In 1986 the company diversified further when North East Vehicle Movements, a car transportation business, was acquired. The name was changed to Vehicle Movements (NE) Ltd. and began with three vehicles; today it runs 23.
Though the company continues to operate a large number of Mercedes vehicles, by the end of the century it also had introduced Volvos, a make of vehicle more suited to the car transporter trailer used in the firm’s Vehicle Movements operation, Scania’s too were introduced to enable comparison to be made.
But not everything was a success: for a short time, beginning in 1990, the firm also sold fuel, running two tankers, but this part of the business was sold in 1993.
As the business grew the third generation of the family joined the company: Jim's son, Murray, began working in the traffic office in 1981.
In 1982 Colin Junior joined his father in running the workshop and his brother David, arrived in 1987 and also worked in the maintenance section before moving to look after warehousing in 1997 on Jim Hogg’s retirement.
Colin Hogg’s youngest son, Paul, joined the firm in 1991, working mainly in the Vehicle Movements side of the business.
The company appreciated the importance of the quality standard and in 1992 received accreditation to BS5750. This has subsequently been upgraded over the years to the latest standard, ISO 9001:2015
Murray Hogg and his wife Moira retired in 1998, though they continued to take an active interest in the business, being kept up to date by their daughter Alyson.
Alyson, Murray and Moira’s eldest daughter had joined the business in 1995 and took over the role of company accountant when Moira retired in 1998.
In 1999 all the founder’s grandchildren were made directors of the two companies: Murray Hogg Ltd and Vehicle Movements NE Ltd.
Alyson is in charge of accounts, Murray is Managing Director and takes care of traffic, Colin is fleet engineer in charge of the workshops, David manages warehousing and Paul takes care of car transportation.
By the opening years of the 21st century the company had 114 staff and was running a fleet of around 100 vehicles ranging from small vans to 44 tonne tractor units. The present generation of directors are closely involved with everything and continue to look for new opportunities. In early 2002 the business adapted to changes in the transport industry by joining an overnight pallet network providing an even more efficient and flexible service. Seven vehicles and 15 trailers would be based in Yorkshire to service a major radiator and boiler manufacturer.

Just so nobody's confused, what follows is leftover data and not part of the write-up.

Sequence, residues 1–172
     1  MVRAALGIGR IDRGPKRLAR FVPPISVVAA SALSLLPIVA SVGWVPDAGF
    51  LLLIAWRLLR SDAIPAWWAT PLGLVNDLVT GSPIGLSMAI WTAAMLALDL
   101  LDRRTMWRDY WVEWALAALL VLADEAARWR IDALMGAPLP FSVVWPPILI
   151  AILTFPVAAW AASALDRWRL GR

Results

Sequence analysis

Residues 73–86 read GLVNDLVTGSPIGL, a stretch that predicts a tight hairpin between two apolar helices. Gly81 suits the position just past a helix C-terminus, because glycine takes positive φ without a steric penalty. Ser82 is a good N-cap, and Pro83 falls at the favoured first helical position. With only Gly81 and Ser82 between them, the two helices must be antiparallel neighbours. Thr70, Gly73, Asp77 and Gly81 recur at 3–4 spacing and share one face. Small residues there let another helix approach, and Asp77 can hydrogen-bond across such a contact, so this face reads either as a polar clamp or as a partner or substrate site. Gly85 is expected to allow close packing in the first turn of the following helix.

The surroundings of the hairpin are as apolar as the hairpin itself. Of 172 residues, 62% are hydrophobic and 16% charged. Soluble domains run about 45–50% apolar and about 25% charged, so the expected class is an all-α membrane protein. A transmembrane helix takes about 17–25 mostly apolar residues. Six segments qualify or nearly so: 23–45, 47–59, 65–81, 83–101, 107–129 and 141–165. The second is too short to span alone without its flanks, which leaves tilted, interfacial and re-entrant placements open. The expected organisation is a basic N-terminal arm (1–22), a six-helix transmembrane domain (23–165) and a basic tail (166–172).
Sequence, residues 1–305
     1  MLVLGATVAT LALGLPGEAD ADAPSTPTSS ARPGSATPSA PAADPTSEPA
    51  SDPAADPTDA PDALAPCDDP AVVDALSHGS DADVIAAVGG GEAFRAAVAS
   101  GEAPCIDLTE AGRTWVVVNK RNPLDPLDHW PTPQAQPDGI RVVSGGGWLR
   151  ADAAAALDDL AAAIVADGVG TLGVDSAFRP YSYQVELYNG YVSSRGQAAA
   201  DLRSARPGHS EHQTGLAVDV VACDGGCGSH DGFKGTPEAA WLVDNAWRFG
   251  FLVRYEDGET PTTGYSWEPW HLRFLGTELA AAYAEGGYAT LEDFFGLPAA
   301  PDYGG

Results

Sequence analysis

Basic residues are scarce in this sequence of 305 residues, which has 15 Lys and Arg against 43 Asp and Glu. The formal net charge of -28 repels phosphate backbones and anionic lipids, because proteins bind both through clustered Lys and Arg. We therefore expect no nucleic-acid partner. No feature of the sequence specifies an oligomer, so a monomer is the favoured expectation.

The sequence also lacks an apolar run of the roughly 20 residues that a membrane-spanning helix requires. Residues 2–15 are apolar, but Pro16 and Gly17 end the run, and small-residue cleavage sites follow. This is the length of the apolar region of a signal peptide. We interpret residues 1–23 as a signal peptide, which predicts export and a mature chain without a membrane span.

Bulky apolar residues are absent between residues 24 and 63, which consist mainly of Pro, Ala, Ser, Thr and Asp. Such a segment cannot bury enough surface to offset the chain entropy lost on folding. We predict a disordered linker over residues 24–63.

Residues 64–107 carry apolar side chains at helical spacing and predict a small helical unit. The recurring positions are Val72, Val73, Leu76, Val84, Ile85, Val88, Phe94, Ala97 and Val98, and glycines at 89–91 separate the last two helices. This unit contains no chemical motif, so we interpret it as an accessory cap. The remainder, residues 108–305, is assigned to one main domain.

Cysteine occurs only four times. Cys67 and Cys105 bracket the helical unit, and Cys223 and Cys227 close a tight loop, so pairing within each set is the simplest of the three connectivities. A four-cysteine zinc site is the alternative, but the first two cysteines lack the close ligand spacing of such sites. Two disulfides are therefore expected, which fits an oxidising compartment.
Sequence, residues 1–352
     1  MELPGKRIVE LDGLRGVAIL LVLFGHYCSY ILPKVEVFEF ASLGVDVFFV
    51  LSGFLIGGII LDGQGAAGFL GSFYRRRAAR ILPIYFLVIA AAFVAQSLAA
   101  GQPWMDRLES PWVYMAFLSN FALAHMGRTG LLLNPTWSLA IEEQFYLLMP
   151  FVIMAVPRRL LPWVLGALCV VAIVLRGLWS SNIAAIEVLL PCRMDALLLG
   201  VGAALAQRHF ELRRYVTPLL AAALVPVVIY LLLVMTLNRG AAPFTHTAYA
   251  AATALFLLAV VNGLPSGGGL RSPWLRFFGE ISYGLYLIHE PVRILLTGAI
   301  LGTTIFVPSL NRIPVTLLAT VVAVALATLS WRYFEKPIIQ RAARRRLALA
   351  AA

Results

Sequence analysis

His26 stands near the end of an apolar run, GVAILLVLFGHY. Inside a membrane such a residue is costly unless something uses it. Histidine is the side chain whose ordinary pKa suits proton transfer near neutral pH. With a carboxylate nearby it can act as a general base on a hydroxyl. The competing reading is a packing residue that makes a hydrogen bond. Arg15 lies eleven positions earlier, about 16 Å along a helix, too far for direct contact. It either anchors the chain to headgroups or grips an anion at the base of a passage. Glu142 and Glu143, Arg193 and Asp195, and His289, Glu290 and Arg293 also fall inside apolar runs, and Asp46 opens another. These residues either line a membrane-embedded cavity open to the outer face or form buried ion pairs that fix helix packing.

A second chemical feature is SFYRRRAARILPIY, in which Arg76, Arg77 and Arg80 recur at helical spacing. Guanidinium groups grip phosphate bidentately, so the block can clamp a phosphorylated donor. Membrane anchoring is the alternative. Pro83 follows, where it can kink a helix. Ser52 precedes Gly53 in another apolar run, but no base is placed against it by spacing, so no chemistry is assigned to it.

Sadly Jim Hogg passed away in 2002, having retired in 1997, however, later that year his grandson Christopher Hogg, Murray junior's son, joined the company and began learning the business in 2002.
Without a doubt, part of the secret of Murray Hogg’s success lies in its ability to move with the times. The family which over 9 decades ago relied on one vehicle for its livelihood is today the proprietor of a large, modern haulage and car transportation fleet, extensive warehousing and property portfolio.
By 2004 the company had out grown the current workshop facilities and decided to build a new 7 bay facility which opened later that year and boasted brake rollers, prefabricated pits to accommodate the low car transporters and mobile hoists. Soon after this they attracted some third party maintenance agreements with Gregg's the Bakers to maintain their fleet of vehicles.
During 2008 the uk economy had weakened, savings in all areas were made and proudly no jobs were lost, However the company continued to invest in new trucks knowing this would pay dividends following the recession. During this time, in 2010 the company was invited to join the well-respected Transport Association (TA) this would bring many trading opportunities as well as many friendships with similar family run businesses.
Colin Hogg Jnr took on the project of restoring the companies Vintage Austin K2 Truck back in 2011, this vehicle had previously been fully restored by Colin Hogg Snr 30 years previous.
In 2012 the companies property portfolio would be added to with the purchase of the neighbouring BP Gas Depot some 3 acres of land and buildings allowing for greater expansion and storage.
2015-2016 would bring the new Mercedes Euro 6 emission compliant trucks, these are helping to reduce the companies carbon footprint. Read article on Bell Trucks Website here
Murray Hogg Haulage is very proud of its past and is looking forward to what will hopefully be another 90 years of Murray Hogg & Vehicle Movement vehicles on the roads of the UK.